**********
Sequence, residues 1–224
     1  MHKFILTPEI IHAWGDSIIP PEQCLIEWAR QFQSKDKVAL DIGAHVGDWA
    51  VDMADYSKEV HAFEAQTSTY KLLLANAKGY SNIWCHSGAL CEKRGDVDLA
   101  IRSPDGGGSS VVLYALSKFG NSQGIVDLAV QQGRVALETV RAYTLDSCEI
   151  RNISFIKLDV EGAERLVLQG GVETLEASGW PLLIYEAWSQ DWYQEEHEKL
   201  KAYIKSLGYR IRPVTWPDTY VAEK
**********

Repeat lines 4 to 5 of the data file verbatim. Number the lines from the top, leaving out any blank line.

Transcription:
   101  IRSPDGGGSS VVLYALSKFG NSQGIVDLAV QQGRVALETV RAYTLDSCEI
   151  RNISFIKLDV EGAERLVLQG GVETLEASGW PLLIYEAWSQ DWYQEEHEKL